#YouthStrike4Climate: Young people stealing back their future
We can’t save the world by playing by the rules. The rules have to change. Everything needs to change. And it has to start today.
These are the words of Greta Thunberg. Greta started a revolution, and young people in the UK are rallying to her call. Today – 15 February, between 11am and 2pm, students in more than 50 towns and cities across the UK are striking against global warming and the alarming lack of government leadership over the climate crisis.
Now, we’re not advocating truancy. And we can sympathise with all sides of the argument here. But with recent news headlines including the rapid decline of insect species – which are vital to the functioning of all ecosystems, and an estimated one-third of Himalayan Glaciers to disappear by 2100, we can’t help but be heartened by this student action. Our goal is to develop the potential in all young people, and we believe the most effective way to do that is through the power and intensity of adventures in the wild. To put it frankly, we want people to continue to experience the magic of nature for hundreds of years to come.
What are the strikes about?
“You are never too small to make a difference”. In August 2018, 15 year-old Greta Thunburg decided to stop going to school on Fridays. Instead, she chose to picket outside the Swedish parliament to raise awareness of global warming. Talking at the UN Climate Change COP24 Conference back in August, Greta reminded the world of the power of that one-man picket:
"[I]f a few children can get headlines all over the world just by not going to school, then imagine what we could all do together if we really wanted to."
If a few children can get headlines all over the world just by not going to school, then imagine what we could all do together if we really wanted to. Greta
Globally, up to 70,000 school children each week are now taking part in 270 towns and cities. As Greta said, “we cannot solve a crisis, without treating it as a crisis”.
And there certainly is a crisis. The most recent Intergovernmental Panel on Climate Change (IPCC) special report states that global warming above pre-industrial levels is likely to reach 1.5⁰C between 2030 and 2052, with long-lasting and irreversible impacts. To significantly decrease climate-related risks to natural and human systems, we must aim for less than 1.5⁰C of warming.
The speed with which change needs to happen is no more clearly set out than in the case for climate justice – rich countries need to get down to 0 emissions in 6 to 12 years based on current emission speeds, so that people in poorer countries have a chance to heighten their standards of living.
Action needs to be taken. And that is exactly what #YouthStrike4Climate is all about. Young people across the UK are stepping up, coordinated by the UK Student Climate Network and the UK Youth Climate Coalition. The core organisers of the strike have 4 demands for the UK Government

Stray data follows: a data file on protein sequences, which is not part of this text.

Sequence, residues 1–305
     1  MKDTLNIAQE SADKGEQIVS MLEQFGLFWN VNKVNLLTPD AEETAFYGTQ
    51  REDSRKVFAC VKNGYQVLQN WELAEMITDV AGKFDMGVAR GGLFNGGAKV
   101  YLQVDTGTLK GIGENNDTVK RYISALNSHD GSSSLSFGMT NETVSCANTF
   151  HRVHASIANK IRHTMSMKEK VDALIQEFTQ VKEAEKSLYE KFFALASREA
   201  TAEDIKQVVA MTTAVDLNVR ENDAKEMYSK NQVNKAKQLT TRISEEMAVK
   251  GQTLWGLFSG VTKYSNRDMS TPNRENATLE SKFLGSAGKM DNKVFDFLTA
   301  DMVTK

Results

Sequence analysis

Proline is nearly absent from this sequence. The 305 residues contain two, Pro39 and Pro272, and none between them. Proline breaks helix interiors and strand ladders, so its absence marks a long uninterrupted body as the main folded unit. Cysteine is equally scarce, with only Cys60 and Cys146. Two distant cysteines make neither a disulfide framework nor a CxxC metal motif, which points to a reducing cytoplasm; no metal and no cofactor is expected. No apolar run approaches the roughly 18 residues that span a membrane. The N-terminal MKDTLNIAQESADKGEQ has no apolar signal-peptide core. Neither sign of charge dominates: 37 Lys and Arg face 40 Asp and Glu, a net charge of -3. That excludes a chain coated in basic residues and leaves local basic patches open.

- Declare a state of climate emergency in the UK and take active steps to protect the environment and make it a priority.
- Reform the education system so that it portrays the ecological crisis in lessons and pupils learn about it more.
- Recognise that young people have a greater stake in our future and to bring the voting age down to 16.
- Accurately communicate to the general public the reality of the climate crisis.
Are the strikes appropriate?
The strike is backed by a wealth of support from academics, and the National Association of Head Teachers (NAHT). However, there is clearly measured support for the strikes, with NAHT commenting today that “pupils should only be out of school in exceptional circumstances. Whilst NAHT supports the right of young people to express themselves, first and foremost, pupils should be in school during term time.”
Credit where credit’s due. The UK Student Climate Network advice to pupils is to wear their school uniforms, take their textbooks and work with them, and organise litter picks. They seem to be taking a measured approach to striking as well.
It’s worth mentioning also, as highlighted by Claire Perry, Minister of State for Energy and Clean Growth in this morning's Today programme, that we shouldn’t be burdening our superb teachers and teaching staff, given their already limited time and resources. Here at Outward Bound, we certainly hope that anyone who is missing school today will get their homework and assignments done.
However, for these young people, it seems that missing school isn’t a sacrifice. It’s an investment in their future, the future of our species, and the future of the planet. At Outward Bound, we certainly see it as a matter of urgency. We teach young people to have confidence, feel empowered, and tackle life’s challenges head on. Climate change could be one of the biggest challenges we’ll ever face. Today, pupils across the UK are breaking the rules. They’re taking the CO2-charged bull by the horns – and starting their own revolution.
Greta compelled the world not to look for hope, but to look for action. There is no planet B, and our young people are taking matters into their own hands – to ensure that rapid change happens, and it happens now.